Effects of historic flooding on fishes and aquatic habitats in a Missouri River delta

January 2, 2016 - Author: Andrew K. Carlson, Mark J. Fincel, Chris M. Longhenry, Brian D. S. Graeb

Journal or Book Title: Journal of Freshwater Ecology

Volume/Issue: 31

Year Published: 2016

Understanding effects of disturbances on aquatic biota is important for management of the world’s rivers. Riverine deltas are among the most biologically productive ecosystems, yet ecological effects of floods in deltas are poorly understood. Therefore, the goal of this study was to examine impacts of an historic flood in the Missouri River basin in 2011 on fishes and aquatic habitats in the Lewis & Clark Delta, South Dakota-Nebraska, USA. Fish community structural indices declined in the six years preceding the flood, with species richness and diversity (Fisher’s α) decreasing from 25 to 22 and 4.56 to 3.48, respectively. However, the fish community exhibited short-term resistance to the flood as both metrics were similar to pre-flood levels after the disturbance in 2012. Evenness (J’) declined from 0.88 to 0.73 before the flood but increased to 0.84 after the disturbance. The majority of species exhibited greater relative abundance after the flood regardless of age class (i.e., juvenile, adult), morphology (i.e., small-bodied, large-bodied), introduction history (i.e., introduced, native), or recreational importance (i.e., sport fish, non-recreational). However, the flood reduced relative abundance of juvenile freshwater drum (Aplodinotus grunniens) and white crappie (Pomoxis annularis) and did not affect the three small-bodied species that were studied, including emerald shiner (Notropis atherinoides), red shiner (Cyprinella lutrensis), and spotfin shiner (Cyprinella spiloptera). The flood decreased side channel and backwater frequency and width/area but increased sandbar abundance. Physical alterations evidently had minimal effects on structural indices of the fish community. However, an overall increase in relative abundance across species suggests interspersed fluvial and slackwater habitats in the delta provided refuge from floodwaters during the disturbance. Maintaining habitat connectivity in deltas during and after floods is particularly important for fisheries conservation. Illustrating ecological effects and implications of a major flood, this study contributes to the nascent field of delta ecology.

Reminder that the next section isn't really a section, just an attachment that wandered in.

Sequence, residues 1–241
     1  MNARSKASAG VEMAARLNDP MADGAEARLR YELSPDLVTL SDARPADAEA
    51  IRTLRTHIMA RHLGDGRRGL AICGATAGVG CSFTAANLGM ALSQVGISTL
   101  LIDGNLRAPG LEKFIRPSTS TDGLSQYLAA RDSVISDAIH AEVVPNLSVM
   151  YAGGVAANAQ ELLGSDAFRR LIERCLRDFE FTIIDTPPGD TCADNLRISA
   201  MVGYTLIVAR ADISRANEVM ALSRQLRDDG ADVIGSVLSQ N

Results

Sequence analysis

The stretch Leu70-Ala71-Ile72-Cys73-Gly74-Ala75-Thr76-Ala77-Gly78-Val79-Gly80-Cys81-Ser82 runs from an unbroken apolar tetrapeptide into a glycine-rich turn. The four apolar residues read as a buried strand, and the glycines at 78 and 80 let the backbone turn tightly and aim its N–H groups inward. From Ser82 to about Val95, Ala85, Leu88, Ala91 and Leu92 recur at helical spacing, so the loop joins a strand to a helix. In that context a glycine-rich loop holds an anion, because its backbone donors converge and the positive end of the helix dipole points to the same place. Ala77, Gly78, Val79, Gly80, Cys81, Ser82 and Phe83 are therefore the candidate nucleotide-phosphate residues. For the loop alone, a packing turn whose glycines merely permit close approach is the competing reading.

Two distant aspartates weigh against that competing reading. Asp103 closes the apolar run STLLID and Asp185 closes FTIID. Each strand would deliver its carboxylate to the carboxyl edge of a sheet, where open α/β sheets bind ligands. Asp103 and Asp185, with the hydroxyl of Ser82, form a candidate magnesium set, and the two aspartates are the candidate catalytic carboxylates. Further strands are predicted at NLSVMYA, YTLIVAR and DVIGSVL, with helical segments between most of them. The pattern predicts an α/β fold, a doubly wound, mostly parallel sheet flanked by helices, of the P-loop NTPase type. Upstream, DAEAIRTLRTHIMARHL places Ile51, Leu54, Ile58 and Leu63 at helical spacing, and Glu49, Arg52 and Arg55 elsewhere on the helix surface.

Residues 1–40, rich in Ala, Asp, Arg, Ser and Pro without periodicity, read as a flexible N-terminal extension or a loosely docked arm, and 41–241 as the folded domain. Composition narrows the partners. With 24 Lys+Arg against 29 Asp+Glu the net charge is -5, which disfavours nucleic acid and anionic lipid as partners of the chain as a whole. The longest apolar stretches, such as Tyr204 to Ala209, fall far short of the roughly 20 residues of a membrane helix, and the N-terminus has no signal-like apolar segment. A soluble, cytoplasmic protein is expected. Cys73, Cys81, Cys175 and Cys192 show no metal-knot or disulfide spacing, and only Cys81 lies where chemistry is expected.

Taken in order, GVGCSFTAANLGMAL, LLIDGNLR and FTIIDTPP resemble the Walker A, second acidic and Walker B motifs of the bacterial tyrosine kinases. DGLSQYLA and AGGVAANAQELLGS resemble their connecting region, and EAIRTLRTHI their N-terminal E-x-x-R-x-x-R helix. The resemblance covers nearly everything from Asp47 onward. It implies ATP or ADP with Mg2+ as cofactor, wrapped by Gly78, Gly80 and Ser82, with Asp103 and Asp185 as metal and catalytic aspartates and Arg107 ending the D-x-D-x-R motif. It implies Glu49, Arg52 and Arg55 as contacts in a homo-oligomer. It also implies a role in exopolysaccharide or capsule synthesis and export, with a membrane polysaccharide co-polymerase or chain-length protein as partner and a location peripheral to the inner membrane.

DOI: 10.1080/02705060.2015.1128989

Tags: center for systems integration and sustainability


Authors

Andrew Carlson

Andrew Carlson

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